Last week's cover story on cuisine, cultural appropriation and Kooks Burritos ("You Can't Cook That," WW, June 7, 2017) revived a heated debate about whether white people selling other cultures' cuisine is an act of racial oppression.
Sara Rudolph, via wweek.com: "Did…did you think that maybe you might want to interview some Mexican restaurateurs? I mean…maybe?"
Sean Aaron Cruz, via wweek.com: "The larger story of cultural appropriation lies in the naming of the street the women were selling their Americanized burritos on, some 10 years ago, and the fact that there is still no place on the entire length of Portland's Cesar Chavez Boulevard where authentic Mexican food is prepared and sold by actual Mexican people."
Mike Nyre, via Facebook: "This is the stupidest thing. Can a Korean guy make fried chicken? Can a Mexican lady cook a hamburger? Why not, who cares? We have real, actual shit to worry about right now other than the skin color of a person making a burrito."
Tommy Murray, in response to Nyre: "Well, outside our privileged white world, racism and oppression are 'actual shit to worry about' for people of color. And did Korea colonize white people? Did Mexicans colonize white people? No. So sit back. Shut up. And maybe learn a thing or two about what cultural appropriation is."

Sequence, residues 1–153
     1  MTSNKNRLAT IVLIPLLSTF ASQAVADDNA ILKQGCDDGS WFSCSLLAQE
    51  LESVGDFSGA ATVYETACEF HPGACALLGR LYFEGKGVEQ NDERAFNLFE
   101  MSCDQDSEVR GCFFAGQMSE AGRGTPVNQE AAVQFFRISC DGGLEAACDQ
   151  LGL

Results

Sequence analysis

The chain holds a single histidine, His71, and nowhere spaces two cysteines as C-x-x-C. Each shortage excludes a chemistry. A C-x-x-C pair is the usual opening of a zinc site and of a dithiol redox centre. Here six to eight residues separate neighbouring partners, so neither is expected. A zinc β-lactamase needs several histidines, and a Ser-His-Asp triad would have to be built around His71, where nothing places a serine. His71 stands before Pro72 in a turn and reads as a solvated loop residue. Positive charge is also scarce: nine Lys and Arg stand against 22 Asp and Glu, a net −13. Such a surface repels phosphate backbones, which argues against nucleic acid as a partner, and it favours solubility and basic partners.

Todd Dolyniuk, via Facebook: "From the late '60s through the early '80s, my Ukrainian grandmother had a pizza place here in Portland called the Italian Pizzeria. Nobody cared, because the pizza was awesome."
Patricia Escarcega, in Phoenix New Times: "If there's an enduring lesson embedded into the Kooks saga, maybe it's the sad realization that even well-meaning enterprises can blow up in your face. To enter someone else's culture, especially when you stand to profit from it, requires affection and respect, and careful attention to tone."
Last week's story on transit police ("Crime-Fighting Train," WW, June 7, 2017) incorrectly stated that 15 security guards TriMet contracted after May 26's stabbings carried guns. TriMet plans on hiring 20 contract security guards, who are not armed.
An item on 911 hold times (Murmurs, May 31, 2017) incorrectly stated the date that the Bureau of Emergency Communications discovered a problem with underreporting hold times for cellphone calls to 911. It was November 2015, not 2016. The bureau's misreporting of average hold times was for all calls to 911, not just cellphone calls.
WW regrets the errors.
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